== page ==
What is France Identity, the government’s new digital identity app

Available in a test version for several users, France Identity is set to expand its services in the coming months. The goal is to use a biometric ID card to verify identity online.

Preparing for hospitalization, issuing a power of attorney or opening a bank account: soon these steps can be done by scanning the chip on an identity card with a smartphone. A way for France, late on this subject, to introduce new digital services.

What is French identity?

The result of the inter-ministerial program is the France Identity mobile app, available from Thursday, May 12, in early access on the Play Store, the Android app store.

This will allow holders of the new National Biometric Identity (CNIe) in credit card format, equipped with an electronic chip, to more easily verify their identity online or during physical procedures, with the option of not disclosing only certain information. for example, to prove their legal age.

France is one of the latest European countries to adopt CNIe. To date, 4.5 million such cards have been distributed since the summer of 2021.

The project succeeded Alicem, a project initiated in 2013 that planned to use facial recognition but was abandoned, in part due to the reluctance of a police officer to provide personal data, Cnil.

France Identity App Screenshots
France Identity app screenshots © France Identity

What is France Identity used for?

France Identity is set to be the first application to provide France with a “high” level of assurance in terms of digital identity, in line with the European e-IDAS regulatory framework.

This level is not yet required for any online service, but it should eventually allow access to health data or even the development of a fully dematerialized power of attorney.

In the meantime, France Identity will provide access to France Connect, the portal that more than 37 million people use today to pay taxes, get information about their pension rights or their driver’s license points balance, and France Connect+, a version of it that requires “essential” level of guarantee, for example, to open an account in an online bank.

Today, only “Digital Identity” La Poste has received this certificate from Anssi, which guarantees the security of information systems, and new private applications are in the process of certification.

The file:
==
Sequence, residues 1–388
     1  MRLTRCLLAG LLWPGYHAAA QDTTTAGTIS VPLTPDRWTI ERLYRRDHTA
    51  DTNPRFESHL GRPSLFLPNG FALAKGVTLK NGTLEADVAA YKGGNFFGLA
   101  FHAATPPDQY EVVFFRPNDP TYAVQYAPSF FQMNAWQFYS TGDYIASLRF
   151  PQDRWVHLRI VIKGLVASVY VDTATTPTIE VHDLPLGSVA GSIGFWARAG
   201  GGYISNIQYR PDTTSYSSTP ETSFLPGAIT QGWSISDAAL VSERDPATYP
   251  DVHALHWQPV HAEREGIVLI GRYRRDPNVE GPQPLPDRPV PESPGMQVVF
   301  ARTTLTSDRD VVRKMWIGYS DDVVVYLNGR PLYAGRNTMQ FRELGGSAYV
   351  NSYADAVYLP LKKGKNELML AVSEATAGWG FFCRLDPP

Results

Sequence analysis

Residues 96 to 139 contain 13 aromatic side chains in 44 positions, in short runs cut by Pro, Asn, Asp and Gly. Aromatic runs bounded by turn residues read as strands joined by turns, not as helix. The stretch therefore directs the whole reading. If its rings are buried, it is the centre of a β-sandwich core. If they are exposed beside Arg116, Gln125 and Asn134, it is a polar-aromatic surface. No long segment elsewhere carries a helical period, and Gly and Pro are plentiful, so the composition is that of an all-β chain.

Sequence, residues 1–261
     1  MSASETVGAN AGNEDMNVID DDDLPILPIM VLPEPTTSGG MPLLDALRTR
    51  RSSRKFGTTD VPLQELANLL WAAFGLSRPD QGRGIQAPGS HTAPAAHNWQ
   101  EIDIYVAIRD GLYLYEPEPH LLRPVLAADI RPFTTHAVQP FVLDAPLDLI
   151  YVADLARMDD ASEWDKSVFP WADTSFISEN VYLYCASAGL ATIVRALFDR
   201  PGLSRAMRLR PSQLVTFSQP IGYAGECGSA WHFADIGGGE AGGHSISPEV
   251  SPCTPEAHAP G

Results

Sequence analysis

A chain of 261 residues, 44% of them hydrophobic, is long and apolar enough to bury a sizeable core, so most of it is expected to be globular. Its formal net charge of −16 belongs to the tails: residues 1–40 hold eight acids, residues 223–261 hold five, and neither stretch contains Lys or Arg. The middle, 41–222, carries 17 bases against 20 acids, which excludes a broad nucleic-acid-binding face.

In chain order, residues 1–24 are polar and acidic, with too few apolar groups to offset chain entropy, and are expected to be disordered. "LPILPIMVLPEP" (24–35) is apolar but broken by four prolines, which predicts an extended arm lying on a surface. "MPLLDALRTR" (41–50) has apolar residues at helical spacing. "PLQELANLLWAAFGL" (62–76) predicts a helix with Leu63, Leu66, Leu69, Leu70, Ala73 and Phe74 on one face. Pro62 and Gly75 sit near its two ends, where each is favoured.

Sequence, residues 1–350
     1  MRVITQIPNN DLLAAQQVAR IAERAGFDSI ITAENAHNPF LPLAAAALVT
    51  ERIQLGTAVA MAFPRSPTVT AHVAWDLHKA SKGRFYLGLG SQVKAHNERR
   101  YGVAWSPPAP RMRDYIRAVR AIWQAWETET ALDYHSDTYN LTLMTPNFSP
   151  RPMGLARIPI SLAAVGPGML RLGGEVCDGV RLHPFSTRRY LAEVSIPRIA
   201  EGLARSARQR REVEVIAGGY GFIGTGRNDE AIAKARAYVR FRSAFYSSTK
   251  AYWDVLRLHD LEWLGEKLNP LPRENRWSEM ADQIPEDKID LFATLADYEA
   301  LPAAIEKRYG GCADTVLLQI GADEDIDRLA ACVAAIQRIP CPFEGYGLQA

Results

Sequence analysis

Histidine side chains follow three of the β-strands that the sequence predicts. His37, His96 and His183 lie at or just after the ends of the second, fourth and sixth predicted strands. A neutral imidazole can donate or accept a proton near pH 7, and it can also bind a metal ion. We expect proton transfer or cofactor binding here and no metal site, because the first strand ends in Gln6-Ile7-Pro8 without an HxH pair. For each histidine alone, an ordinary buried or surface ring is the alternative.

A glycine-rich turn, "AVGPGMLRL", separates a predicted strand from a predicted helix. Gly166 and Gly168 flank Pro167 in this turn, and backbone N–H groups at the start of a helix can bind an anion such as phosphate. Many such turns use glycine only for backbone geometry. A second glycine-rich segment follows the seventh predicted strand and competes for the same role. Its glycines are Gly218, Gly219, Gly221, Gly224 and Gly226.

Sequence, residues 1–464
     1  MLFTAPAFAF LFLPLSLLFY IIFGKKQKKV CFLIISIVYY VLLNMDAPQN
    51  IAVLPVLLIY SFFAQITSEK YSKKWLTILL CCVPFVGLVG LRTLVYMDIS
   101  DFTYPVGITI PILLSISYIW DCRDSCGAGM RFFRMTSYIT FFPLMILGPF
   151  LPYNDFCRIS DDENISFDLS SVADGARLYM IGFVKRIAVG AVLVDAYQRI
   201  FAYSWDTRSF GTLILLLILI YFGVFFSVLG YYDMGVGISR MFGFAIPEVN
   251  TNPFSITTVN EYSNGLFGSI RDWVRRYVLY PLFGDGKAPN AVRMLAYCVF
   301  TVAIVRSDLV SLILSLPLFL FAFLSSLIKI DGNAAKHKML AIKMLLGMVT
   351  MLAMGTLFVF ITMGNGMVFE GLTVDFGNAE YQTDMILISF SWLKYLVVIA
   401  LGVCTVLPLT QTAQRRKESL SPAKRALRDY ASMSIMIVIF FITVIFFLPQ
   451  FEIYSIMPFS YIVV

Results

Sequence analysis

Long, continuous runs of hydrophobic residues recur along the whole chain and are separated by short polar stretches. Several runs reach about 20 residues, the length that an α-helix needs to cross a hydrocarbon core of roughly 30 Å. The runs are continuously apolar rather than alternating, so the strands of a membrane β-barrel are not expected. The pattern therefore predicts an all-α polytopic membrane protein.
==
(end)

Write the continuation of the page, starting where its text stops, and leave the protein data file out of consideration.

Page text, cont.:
Another France Identity functionality, the only one currently available, allows the creation of one-time digital identities, thus avoiding sending copies of the original document, for example when renting an apartment: one of the most common sources of identity theft.

France Identity App Screenshots
France Identity app screenshots © France Identity

Can we do without our ID?

No, because the data remains on the card.

“I think that in 2022 you will have to completely remove your identity from your phone” in the form of contactless mobile payments or Apple Wallet in the United States, Mark Nolen, director of AriadNext, estimates AFP, clarifying. that this is exactly what Brussels expects with a European digital wallet.

But that acquisition option has been delayed for now as it requires the use of proprietary systems from phone makers, a source familiar with the matter told AFP.

In its current format, “the France Identity app is not very useful,” says Hervé Bonazzi, director of Archipels, a joint venture between La Poste, EDF, Engie and Caisse des dépôts.

“Nevertheless, it is a necessary and important document for the future of digital identity in Europe,” which, he says, should ultimately “link various data about you” with social security number, mutually certified income, etc.

Are there any privacy risks?

The government says it has learned the lessons of Alysem and has decided to ditch biometrics in favor of using a personal code to unlock access to ID information.

This will be sent by registered mail first, and more third-party verification will be required to access the most sensitive services. Kniel this time greeted “very favorably” the draft decree published at the end of April.

The use of the app will also remain strictly optional and “is not intended to replace alternative methods, paper forms or counters,” the government promises.

“Here we remain very vigilant,” notes Bastien Le Kerrec, a member of La Quadrature du net, an association for defending freedoms in the digital age, who wants these physical alternatives not to be a “deterrent.”

“Because of this phenomenon of excessive dematerialization of public services, we are forcing citizens to undergo digital identification,” and “whoever says digital identification is talking about creating a file in their name with his photo, date of birth, etc.,” he adds. .

Another risk, it could “lead to an increase in the number of times you are asked to verify your identity.”